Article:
Do not take more than 100 micrograms (4,000 IU) of vitamin D a day as it could be harmful. This applies to adults, including pregnant and breastfeeding women and the elderly, and children aged 11 to 17 years.

Issues caused by lack of Vitamin D

Bone health and osteoporosis

Vitamin D is also needed for bone growth and bone re modelling by osteoblasts and osteoclasts. Without sufficient vitamin D, bones can become thin, brittle, or misshapen. Vitamin D sufficiency prevents rickets in children and osteomalacia in adults. Together with calcium, vitamin D also helps protect older adults from osteoporosis.

Bone is constantly being remodelled. However, as people age—and particularly in women during menopause—bone breakdown rates overtake rates of bone building. Over time, bone density can decline, and osteoporosis can eventually develop.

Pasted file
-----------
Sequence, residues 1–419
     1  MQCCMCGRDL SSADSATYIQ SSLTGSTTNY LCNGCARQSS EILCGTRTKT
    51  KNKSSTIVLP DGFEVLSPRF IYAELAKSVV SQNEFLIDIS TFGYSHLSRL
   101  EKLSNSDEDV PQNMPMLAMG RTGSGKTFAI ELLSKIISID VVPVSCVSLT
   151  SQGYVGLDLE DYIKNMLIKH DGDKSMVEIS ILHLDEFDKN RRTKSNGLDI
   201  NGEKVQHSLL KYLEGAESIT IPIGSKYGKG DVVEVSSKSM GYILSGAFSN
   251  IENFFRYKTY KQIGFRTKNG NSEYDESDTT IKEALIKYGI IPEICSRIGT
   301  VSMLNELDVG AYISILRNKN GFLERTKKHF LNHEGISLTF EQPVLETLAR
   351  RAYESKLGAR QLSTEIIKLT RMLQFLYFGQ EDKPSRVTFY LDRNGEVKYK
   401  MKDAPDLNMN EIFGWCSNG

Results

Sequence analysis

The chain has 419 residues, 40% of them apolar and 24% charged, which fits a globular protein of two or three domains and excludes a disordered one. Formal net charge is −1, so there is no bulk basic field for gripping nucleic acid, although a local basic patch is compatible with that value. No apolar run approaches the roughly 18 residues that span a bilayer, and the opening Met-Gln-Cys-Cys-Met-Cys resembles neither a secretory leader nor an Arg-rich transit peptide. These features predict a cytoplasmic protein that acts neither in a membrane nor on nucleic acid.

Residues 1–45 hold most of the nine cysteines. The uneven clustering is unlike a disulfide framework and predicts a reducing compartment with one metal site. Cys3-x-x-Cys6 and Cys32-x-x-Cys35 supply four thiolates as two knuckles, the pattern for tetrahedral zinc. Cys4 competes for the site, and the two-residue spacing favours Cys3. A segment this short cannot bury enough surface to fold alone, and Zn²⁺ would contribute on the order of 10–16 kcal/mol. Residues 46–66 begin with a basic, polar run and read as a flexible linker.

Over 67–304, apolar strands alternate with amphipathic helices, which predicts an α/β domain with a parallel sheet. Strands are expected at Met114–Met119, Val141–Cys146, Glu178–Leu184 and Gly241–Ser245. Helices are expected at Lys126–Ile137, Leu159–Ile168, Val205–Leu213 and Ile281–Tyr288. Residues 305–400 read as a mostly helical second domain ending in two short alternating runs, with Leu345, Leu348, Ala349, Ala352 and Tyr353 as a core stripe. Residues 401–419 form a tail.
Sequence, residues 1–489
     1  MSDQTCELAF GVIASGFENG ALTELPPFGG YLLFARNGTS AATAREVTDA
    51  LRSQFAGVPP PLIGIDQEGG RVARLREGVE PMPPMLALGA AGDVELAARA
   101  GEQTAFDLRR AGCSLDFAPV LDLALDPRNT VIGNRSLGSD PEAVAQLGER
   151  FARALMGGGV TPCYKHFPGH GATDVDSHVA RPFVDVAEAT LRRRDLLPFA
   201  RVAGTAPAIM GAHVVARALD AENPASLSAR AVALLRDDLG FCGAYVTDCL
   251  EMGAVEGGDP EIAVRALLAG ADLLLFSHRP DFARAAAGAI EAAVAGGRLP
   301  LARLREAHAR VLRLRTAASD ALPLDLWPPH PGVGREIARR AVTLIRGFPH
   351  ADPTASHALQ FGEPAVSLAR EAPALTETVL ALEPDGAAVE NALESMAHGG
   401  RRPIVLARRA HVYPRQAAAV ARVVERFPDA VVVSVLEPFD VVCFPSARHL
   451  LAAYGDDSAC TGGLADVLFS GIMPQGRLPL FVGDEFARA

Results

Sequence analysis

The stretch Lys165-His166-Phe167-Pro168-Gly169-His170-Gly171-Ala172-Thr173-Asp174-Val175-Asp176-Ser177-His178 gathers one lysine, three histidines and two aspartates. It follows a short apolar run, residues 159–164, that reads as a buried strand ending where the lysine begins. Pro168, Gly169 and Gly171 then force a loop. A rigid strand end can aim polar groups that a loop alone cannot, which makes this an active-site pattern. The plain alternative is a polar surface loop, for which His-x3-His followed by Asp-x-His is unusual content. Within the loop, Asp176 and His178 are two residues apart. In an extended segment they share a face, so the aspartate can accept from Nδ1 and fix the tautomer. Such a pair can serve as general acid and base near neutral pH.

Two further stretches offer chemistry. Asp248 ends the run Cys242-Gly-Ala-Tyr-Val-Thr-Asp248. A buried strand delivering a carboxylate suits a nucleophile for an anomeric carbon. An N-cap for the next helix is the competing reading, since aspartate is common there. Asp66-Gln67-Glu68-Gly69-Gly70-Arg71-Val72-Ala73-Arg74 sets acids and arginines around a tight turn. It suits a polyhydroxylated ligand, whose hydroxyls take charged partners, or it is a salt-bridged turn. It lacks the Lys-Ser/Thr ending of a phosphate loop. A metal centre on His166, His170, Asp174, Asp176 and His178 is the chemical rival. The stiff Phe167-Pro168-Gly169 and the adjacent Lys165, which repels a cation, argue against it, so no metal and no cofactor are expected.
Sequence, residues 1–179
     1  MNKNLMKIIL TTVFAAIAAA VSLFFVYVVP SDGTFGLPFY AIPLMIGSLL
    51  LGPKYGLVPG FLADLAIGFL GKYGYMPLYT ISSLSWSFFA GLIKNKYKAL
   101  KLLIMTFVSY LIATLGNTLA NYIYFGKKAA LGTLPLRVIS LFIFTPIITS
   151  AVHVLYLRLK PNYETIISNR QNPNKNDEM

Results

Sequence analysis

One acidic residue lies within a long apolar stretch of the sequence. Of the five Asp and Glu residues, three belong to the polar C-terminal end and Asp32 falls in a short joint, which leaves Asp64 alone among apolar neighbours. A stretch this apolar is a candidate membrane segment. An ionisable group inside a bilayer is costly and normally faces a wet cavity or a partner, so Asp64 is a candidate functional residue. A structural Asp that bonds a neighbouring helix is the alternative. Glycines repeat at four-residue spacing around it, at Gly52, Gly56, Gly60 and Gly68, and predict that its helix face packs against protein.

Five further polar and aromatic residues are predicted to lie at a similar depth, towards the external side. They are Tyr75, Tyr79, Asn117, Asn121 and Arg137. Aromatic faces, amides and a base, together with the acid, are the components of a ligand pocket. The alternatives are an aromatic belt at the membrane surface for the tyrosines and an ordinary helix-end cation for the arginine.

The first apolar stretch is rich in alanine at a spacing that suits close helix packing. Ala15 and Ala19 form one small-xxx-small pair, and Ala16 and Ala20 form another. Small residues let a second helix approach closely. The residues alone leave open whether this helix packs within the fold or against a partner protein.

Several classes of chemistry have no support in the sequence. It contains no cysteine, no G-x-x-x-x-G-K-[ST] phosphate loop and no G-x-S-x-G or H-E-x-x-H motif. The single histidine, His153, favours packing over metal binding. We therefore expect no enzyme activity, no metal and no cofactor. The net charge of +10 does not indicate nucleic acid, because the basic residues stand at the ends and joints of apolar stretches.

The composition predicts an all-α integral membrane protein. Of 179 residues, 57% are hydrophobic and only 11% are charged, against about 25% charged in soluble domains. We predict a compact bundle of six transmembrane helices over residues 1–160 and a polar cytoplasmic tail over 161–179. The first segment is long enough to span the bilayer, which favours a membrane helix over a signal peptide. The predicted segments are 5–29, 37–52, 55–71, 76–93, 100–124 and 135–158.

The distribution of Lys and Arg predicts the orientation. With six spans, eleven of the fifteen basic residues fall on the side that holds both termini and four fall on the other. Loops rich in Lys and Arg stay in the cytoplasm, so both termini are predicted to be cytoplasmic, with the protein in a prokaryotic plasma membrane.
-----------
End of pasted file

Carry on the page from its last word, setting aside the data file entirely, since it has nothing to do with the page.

Vitamin D is involved in various brain processes, and vitamin D receptors are present on neurons and glia in areas of the brain thought to be involved in the pathophysiology of depression.


Untitled-500-x-200-px All about Vitamin D

In foods and dietary supplements, vitamin D has two main forms, D2 (ergocalciferol) and D3 (cholecalciferol), that differ chemically only in their side-chain structures.

Both forms are well absorbed in the small intestine.

Few foods naturally contain vitamin D. The flesh of fatty fish (such as trout, salmon, tuna, and mackerel) and fish liver oils are among the best sources. An animal’s diet affects the amount of vitamin D in its tissues. Beef liver, egg yolks, and cheese have small amounts of vitamin D, primarily in the form of vitamin D3 and its metabolite 25(OH)D3. Mushrooms provide variable amounts of vitamin D2. Some mushrooms available on the market have been treated with UV light to increase their levels of vitamin D2.

Sun exposure

Most people in the world meet at least some of their vitamin D needs through exposure to sunlight. Type B UV (UVB) radiation with a wavelength of approximately 290–320 nanometers penetrates uncovered skin and converts cutaneous 7-dehydrocholesterol to previtamin D3, which in turn becomes vitamin D3.